nep-res New Economics Papers
on Resource Economics
Issue of 2022‒01‒03
two papers chosen by
Maximo Rossi
Universidad de la República

  1. Climatic shocks, air quality, and health at birth in Bogotá By Luis Guillermo Becerra-Valbuena; Jorge A. Bonilla
  2. Critical raw materials for the energy transition By Aude Pommeret; Francesco Ricci; Katheline Schubert

  1. By: Luis Guillermo Becerra-Valbuena (PSE - Paris School of Economics - ENPC - École des Ponts ParisTech - ENS Paris - École normale supérieure - Paris - PSL - Université Paris sciences et lettres - UP1 - Université Paris 1 Panthéon-Sorbonne - CNRS - Centre National de la Recherche Scientifique - EHESS - École des hautes études en sciences sociales - INRAE - Institut National de Recherche pour l’Agriculture, l’Alimentation et l’Environnement, PJSE - Paris Jourdan Sciences Economiques - UP1 - Université Paris 1 Panthéon-Sorbonne - ENS Paris - École normale supérieure - Paris - PSL - Université Paris sciences et lettres - EHESS - École des hautes études en sciences sociales - ENPC - École des Ponts ParisTech - CNRS - Centre National de la Recherche Scientifique - INRAE - Institut National de Recherche pour l’Agriculture, l’Alimentation et l’Environnement); Jorge A. Bonilla (ULA - Universidad de Los Andes [Venezuela])
    Abstract: We contribute to the literature on air pollution and health by assessing an additional channel, the effect of El Niño Southern Oscillation (ENSO) on health. Currently, there is a vast literature on the effects of urban pollution on health. Our research, unlike other studies, jointly investigates the effects of pollution, ENSO and local weather on health. On the one hand, ENSO manifests itself as an extreme climatic shock that follows certain seasonality and influences weather. It may also have an impact on floods, droughts and agriculture inducing changes in food markets or a loss of household income, which also affect health. On the other hand, health outcomes are affected by other factors which follow separate mechanisms to the previous ones. Therefore, pollutant impacts on health may be interpreted as separate effects from other shocks mediated through ENSO. Using a database from 1998 to 2015 on air quality and vital statistics for Bogotá, and ENSO information, we find that across several specifications, ENSO affects birth weight and the probability of low birth weight after separating pollution and classical local weather impacts. Interestingly, the effect on birth weight of ENSO are several times larger than the impacts of pollution. Being exposed to ENSO may decrease birth weight up to 1.3%, while an increase of 1 ppb of SO2 or 1 µg/m3 of PM25 might reduce birth weight up to 0.3% or 0.14%, respectively. From a policy point of view, these results are relevant because regardless of the measure of pollution that we employ, the amount of the impacts exhibited by climatic shocks via ENSO events dominate.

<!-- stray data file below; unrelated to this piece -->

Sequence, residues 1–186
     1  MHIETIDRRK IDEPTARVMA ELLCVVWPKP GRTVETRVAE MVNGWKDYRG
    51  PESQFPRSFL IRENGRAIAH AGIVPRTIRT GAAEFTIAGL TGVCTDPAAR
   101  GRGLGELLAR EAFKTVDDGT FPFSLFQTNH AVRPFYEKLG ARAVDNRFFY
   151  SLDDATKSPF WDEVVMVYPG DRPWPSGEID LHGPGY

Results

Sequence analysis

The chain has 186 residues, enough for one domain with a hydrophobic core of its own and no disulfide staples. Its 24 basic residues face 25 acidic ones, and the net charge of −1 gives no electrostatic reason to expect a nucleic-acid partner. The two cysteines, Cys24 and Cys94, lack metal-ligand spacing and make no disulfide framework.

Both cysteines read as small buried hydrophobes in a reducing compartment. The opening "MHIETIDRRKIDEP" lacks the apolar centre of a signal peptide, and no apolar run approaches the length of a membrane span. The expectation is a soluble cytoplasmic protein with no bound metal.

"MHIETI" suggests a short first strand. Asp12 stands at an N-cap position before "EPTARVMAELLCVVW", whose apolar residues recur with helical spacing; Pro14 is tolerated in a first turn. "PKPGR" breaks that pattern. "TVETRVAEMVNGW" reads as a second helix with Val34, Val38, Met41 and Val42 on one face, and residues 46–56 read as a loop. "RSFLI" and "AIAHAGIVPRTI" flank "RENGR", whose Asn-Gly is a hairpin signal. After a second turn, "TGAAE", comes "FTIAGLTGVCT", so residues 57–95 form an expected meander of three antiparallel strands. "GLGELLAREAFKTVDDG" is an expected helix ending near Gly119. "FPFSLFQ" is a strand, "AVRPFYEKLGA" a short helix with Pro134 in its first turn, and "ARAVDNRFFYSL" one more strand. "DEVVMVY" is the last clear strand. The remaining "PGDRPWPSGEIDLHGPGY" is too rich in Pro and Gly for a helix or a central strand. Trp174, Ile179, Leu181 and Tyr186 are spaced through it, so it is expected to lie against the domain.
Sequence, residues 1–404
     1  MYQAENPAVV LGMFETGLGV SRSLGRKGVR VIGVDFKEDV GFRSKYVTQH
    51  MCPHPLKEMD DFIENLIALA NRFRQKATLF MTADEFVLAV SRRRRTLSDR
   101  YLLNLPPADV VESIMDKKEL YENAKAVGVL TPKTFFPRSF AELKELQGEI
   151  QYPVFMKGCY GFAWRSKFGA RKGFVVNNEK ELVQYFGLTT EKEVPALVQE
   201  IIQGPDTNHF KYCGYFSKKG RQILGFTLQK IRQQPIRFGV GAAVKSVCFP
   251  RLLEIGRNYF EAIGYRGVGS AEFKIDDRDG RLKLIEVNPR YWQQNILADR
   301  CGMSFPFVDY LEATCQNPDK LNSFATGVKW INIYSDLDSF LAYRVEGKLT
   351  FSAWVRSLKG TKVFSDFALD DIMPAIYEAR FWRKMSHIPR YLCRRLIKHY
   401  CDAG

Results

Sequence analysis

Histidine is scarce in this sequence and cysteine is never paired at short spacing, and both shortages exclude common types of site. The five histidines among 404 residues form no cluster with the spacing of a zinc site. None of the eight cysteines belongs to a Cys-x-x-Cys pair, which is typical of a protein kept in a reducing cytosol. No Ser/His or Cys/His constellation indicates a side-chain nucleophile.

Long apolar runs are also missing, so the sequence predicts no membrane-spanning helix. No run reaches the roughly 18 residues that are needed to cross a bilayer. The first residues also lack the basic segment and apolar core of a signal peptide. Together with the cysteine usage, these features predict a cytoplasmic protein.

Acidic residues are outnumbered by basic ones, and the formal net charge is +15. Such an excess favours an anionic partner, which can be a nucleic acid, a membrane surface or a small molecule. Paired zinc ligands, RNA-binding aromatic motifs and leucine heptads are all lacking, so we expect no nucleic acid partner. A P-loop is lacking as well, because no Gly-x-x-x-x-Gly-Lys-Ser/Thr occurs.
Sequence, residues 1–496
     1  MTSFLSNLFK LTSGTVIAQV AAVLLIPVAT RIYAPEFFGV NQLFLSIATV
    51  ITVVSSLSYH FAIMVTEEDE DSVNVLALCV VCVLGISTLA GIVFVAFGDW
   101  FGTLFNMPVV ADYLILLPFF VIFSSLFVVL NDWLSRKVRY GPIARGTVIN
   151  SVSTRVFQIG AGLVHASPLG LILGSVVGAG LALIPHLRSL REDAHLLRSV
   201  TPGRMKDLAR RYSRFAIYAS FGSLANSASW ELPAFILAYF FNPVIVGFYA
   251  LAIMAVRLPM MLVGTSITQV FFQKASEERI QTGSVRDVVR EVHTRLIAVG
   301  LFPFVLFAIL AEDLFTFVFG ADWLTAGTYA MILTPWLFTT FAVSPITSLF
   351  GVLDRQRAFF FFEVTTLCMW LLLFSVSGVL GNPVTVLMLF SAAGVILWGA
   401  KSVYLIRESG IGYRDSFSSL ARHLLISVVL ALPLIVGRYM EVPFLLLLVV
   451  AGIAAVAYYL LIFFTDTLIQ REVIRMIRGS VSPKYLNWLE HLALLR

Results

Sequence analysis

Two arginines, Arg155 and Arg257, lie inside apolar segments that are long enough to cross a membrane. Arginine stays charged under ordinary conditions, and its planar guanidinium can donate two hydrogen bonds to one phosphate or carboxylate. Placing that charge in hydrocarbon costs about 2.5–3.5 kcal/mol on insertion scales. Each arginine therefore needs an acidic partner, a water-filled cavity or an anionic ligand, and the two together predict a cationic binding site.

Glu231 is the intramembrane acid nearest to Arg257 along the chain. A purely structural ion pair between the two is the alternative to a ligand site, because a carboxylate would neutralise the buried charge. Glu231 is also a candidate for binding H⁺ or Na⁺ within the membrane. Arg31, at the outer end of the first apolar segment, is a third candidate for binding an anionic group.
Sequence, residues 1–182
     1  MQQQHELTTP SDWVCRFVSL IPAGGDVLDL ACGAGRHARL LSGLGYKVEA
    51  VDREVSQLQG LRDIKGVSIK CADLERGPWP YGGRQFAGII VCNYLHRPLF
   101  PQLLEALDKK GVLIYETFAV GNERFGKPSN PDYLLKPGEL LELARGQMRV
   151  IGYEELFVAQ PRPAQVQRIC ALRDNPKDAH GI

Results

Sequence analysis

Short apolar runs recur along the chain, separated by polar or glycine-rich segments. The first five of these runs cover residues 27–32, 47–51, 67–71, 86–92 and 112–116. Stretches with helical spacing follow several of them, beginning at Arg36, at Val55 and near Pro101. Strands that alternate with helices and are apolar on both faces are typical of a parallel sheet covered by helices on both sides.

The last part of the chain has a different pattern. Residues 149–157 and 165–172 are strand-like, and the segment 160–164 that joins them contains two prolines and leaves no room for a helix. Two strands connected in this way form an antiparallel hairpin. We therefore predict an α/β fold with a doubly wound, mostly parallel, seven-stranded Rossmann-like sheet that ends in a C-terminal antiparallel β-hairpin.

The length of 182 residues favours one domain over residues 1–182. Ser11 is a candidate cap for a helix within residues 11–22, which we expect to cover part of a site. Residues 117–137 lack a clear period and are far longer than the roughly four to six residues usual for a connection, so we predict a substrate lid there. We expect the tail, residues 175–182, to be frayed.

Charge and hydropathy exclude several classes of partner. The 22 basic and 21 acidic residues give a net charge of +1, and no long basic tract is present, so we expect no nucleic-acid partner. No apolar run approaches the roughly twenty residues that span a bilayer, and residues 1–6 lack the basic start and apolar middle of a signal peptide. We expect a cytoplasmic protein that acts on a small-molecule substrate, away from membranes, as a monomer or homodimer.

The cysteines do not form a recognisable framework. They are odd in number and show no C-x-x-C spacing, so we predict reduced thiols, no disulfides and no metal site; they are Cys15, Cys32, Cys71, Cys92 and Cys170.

Keywords: Climate change,Health,ENSO Index,El Niño,La Niña,weather,Pollution,Bogotá
    Date: 2021–11
    URL: http://d.repec.org/n?u=RePEc:hal:wpaper:halshs-03429482&r=
  2. By: Aude Pommeret (IREGE - Institut de Recherche en Gestion et en Economie - USMB [Université de Savoie] [Université de Chambéry] - Université Savoie Mont Blanc); Francesco Ricci (CEE-M - Centre d'Economie de l'Environnement - Montpellier - UMR 5211 - UM - Université de Montpellier - CNRS - Centre National de la Recherche Scientifique - Montpellier SupAgro - Institut national d’études supérieures agronomiques de Montpellier - Institut Agro - Institut national d'enseignement supérieur pour l'agriculture, l'alimentation et l'environnement - INRAE - Institut National de Recherche pour l’Agriculture, l’Alimentation et l’Environnement); Katheline Schubert (PSE - Paris School of Economics - ENPC - École des Ponts ParisTech - ENS Paris - École normale supérieure - Paris - PSL - Université Paris sciences et lettres - UP1 - Université Paris 1 Panthéon-Sorbonne - CNRS - Centre National de la Recherche Scientifique - EHESS - École des hautes études en sciences sociales - INRAE - Institut National de Recherche pour l’Agriculture, l’Alimentation et l’Environnement)
    Abstract: Renewable energy generation and storage requires specialized capital goods, embedding critical raw materials (CRM). The scarcity of CRM therefore affects the transition from a fossil based energy system to one based on renewables, necessary to cope with climate change. We consider the issue in a theoretical model, where we allow for a very costly potential substitute, reflecting a backstop technology, and for partial and costly recycling of materials in capital goods. We characterize the main features of the efficient energy transition, and their dependence on the relative abundance of CRM and on the recycling technology. Recycling reduces the cost of the transition. It also calls for having a large stock of recyclable CRM embedded in specialized capital at the time of adoption of the backstop technology. Moreover, we consider constraints on policy tools and myopic regulation, and show how abstracting from the scarcity of CRM, or tightly linking subsidies for renewables to the carbon tax revenue, is misleading in designing climate policy.
    Keywords: material scarcity,recycling,energy transition,policy acceptability,myopia
    Date: 2021–11–15
    URL: http://d.repec.org/n?u=RePEc:hal:wpaper:hal-03429055&r=

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